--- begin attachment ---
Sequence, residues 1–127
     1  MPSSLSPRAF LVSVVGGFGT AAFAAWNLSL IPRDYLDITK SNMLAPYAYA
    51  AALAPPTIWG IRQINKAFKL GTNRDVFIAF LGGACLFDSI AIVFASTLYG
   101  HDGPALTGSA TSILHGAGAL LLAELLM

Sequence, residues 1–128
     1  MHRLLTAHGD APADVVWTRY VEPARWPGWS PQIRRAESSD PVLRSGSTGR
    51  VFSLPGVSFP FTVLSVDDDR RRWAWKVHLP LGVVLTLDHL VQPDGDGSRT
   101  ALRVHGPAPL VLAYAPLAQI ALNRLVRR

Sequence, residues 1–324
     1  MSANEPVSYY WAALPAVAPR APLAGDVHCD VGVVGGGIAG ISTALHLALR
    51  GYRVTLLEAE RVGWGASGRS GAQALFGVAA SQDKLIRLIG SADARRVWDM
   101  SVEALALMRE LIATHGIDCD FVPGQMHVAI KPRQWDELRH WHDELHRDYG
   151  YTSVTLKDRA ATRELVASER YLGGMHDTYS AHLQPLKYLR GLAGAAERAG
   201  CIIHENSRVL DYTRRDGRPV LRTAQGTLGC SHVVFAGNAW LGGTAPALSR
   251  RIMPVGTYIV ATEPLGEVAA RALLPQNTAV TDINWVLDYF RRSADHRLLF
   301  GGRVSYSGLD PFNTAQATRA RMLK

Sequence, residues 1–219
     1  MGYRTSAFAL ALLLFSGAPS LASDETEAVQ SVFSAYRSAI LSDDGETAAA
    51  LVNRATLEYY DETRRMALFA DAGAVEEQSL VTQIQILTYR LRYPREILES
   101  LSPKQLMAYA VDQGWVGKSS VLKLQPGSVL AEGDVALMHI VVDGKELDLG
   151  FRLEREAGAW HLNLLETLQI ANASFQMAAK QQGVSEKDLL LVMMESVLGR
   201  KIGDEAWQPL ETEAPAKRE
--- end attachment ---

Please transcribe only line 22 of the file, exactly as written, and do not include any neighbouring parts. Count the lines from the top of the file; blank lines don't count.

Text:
   201  KIGDEAWQPL ETEAPAKRE